The California State University system has succumbed to the overwhelming needs of underprepared students:
Wracked with frustration over the state’s legions of unprepared high school graduates, the California State University system next summer will force freshmen with remedial needs to brush up on math or English before arriving on campus.
But many professors at the 23-campus university, which has spent the past 13 years dismissing students who fail remedial classes, doubt the Early Start program will do much to help students unable to handle college math or English.
“I’m not at all optimistic that it’s going to help,” said Sally Murphy, a communications professor who directs general education at Cal State East Bay, where 73 percent of this year’s freshmen were not ready for college math. Nearly 60 percent were not prepared for college English.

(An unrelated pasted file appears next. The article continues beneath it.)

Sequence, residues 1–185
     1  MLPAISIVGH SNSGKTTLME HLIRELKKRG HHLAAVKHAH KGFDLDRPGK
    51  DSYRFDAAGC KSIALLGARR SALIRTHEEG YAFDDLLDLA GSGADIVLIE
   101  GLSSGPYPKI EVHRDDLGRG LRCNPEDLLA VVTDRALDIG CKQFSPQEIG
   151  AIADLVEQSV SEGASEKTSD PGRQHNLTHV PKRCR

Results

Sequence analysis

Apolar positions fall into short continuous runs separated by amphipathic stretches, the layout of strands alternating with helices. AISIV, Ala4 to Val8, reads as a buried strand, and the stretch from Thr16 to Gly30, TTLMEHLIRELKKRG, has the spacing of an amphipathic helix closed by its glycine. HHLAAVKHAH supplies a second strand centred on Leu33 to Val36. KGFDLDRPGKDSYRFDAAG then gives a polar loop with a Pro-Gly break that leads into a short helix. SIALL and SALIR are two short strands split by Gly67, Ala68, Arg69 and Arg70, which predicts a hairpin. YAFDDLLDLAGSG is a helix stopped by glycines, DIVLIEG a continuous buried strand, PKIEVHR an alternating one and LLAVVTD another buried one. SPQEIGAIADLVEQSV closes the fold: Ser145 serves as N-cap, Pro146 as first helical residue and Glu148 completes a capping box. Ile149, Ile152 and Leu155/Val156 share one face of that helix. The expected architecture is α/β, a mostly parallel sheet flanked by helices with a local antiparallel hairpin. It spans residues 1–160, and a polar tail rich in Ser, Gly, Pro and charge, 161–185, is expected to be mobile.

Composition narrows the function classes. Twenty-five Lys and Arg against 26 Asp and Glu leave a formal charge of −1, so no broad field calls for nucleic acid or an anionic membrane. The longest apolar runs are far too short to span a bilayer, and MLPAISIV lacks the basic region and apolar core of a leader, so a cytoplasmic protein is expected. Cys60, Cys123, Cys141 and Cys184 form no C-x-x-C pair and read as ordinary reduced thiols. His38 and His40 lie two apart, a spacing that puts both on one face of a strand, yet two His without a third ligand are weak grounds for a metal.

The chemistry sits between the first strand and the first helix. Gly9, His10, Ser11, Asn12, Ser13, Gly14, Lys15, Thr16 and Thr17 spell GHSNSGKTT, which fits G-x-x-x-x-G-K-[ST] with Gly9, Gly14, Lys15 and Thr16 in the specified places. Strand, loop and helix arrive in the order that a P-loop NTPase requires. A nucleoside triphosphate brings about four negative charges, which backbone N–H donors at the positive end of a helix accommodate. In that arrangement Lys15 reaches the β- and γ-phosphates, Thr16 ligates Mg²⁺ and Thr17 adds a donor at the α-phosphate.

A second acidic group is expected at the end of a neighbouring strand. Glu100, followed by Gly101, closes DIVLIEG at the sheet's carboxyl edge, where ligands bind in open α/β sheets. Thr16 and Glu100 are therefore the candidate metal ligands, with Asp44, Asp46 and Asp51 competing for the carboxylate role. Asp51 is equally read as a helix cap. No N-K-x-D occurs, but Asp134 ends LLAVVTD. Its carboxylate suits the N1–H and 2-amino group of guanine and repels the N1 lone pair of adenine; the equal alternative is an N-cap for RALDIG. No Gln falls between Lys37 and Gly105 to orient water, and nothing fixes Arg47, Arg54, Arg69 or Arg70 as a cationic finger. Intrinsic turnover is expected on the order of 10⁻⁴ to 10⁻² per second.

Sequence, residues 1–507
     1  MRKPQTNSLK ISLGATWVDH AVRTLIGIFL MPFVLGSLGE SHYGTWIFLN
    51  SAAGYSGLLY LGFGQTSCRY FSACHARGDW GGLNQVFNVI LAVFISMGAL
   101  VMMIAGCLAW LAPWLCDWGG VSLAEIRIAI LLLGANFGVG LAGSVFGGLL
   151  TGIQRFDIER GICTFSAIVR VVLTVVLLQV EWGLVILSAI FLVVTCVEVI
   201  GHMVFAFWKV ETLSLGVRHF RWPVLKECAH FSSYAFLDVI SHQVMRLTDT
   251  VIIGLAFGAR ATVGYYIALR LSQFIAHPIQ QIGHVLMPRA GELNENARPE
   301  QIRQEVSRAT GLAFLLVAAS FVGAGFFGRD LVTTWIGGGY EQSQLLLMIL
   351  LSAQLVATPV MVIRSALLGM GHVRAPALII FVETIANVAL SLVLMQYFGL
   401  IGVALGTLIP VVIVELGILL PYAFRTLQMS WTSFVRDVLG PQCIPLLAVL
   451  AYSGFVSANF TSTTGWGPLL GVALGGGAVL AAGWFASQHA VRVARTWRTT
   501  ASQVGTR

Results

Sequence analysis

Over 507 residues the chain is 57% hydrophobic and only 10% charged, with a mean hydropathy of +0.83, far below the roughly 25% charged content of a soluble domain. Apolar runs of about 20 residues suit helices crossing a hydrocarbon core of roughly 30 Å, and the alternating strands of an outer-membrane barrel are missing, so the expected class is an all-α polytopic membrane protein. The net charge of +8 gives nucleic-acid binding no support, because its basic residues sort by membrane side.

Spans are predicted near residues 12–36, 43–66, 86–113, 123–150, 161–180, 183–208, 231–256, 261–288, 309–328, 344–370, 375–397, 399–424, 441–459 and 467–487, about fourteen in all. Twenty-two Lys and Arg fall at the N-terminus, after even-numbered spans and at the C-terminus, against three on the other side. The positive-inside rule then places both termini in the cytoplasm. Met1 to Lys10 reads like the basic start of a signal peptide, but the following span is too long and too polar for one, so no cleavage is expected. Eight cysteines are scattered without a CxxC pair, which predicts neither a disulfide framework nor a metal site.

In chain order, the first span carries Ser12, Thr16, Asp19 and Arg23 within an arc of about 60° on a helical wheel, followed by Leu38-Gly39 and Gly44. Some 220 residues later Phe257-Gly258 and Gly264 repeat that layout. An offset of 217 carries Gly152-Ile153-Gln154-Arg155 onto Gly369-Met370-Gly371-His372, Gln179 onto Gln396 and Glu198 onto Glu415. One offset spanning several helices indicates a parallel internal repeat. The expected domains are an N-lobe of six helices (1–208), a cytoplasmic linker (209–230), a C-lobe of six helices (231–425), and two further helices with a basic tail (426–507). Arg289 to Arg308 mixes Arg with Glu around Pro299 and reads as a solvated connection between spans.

During a session in one of my own remedial college classes this semester, I discussed my notes and advice after reading one set of their essays, and I noted that the past tense of use was used, as in, We used to go to high school. Invariably, these students had written, We use to go to high school. Just another example of miswriting based on an exclusively oral culture.
But that’s not the bad part; such instruction is par for the course–no pun intended. What really shocked me was that after I explained that rule, they argued with me about it. For a few minutes. Pretty viciously. They had to insist that they were right, that the slangy version they assumed to be accurate really was, and that their professor was somehow wrong. Perhaps their strength in numbers somehow proved to their satisfaction that they could shout me down? I just couldn’t wrap my mind around it.